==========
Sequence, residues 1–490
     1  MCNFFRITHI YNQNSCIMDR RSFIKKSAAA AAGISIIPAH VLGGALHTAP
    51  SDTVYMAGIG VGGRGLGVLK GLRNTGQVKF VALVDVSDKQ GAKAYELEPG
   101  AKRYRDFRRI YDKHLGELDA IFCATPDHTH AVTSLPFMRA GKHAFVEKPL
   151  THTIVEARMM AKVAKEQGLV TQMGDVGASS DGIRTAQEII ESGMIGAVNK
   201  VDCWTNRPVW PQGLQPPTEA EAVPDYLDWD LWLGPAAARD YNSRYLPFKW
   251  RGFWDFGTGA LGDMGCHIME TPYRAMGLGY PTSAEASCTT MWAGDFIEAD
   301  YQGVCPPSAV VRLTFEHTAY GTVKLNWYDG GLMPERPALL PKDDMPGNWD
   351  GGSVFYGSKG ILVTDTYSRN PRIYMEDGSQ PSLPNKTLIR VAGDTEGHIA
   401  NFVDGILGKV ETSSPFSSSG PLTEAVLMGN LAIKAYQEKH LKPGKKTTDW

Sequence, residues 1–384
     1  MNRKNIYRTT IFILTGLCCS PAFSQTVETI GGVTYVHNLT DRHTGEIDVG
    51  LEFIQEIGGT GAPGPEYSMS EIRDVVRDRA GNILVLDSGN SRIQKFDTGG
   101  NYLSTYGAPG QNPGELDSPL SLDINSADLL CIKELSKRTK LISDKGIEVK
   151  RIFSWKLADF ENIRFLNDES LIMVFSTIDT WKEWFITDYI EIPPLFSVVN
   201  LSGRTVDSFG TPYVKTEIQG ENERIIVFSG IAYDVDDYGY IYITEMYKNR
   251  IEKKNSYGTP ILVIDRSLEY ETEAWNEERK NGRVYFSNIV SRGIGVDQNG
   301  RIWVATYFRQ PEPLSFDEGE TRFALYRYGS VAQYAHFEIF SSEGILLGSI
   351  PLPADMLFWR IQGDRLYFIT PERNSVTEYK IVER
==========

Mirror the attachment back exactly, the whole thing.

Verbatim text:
Sequence, residues 1–490
     1  MCNFFRITHI YNQNSCIMDR RSFIKKSAAA AAGISIIPAH VLGGALHTAP
    51  SDTVYMAGIG VGGRGLGVLK GLRNTGQVKF VALVDVSDKQ GAKAYELEPG
   101  AKRYRDFRRI YDKHLGELDA IFCATPDHTH AVTSLPFMRA GKHAFVEKPL
   151  THTIVEARMM AKVAKEQGLV TQMGDVGASS DGIRTAQEII ESGMIGAVNK
   201  VDCWTNRPVW PQGLQPPTEA EAVPDYLDWD LWLGPAAARD YNSRYLPFKW
   251  RGFWDFGTGA LGDMGCHIME TPYRAMGLGY PTSAEASCTT MWAGDFIEAD
   301  YQGVCPPSAV VRLTFEHTAY GTVKLNWYDG GLMPERPALL PKDDMPGNWD
   351  GGSVFYGSKG ILVTDTYSRN PRIYMEDGSQ PSLPNKTLIR VAGDTEGHIA
   401  NFVDGILGKV ETSSPFSSSG PLTEAVLMGN LAIKAYQEKH LKPGKKTTDW

Sequence, residues 1–384
     1  MNRKNIYRTT IFILTGLCCS PAFSQTVETI GGVTYVHNLT DRHTGEIDVG
    51  LEFIQEIGGT GAPGPEYSMS EIRDVVRDRA GNILVLDSGN SRIQKFDTGG
   101  NYLSTYGAPG QNPGELDSPL SLDINSADLL CIKELSKRTK LISDKGIEVK
   151  RIFSWKLADF ENIRFLNDES LIMVFSTIDT WKEWFITDYI EIPPLFSVVN
   201  LSGRTVDSFG TPYVKTEIQG ENERIIVFSG IAYDVDDYGY IYITEMYKNR
   251  IEKKNSYGTP ILVIDRSLEY ETEAWNEERK NGRVYFSNIV SRGIGVDQNG
   301  RIWVATYFRQ PEPLSFDEGE TRFALYRYGS VAQYAHFEIF SSEGILLGSI
   351  PLPADMLFWR IQGDRLYFIT PERNSVTEYK IVER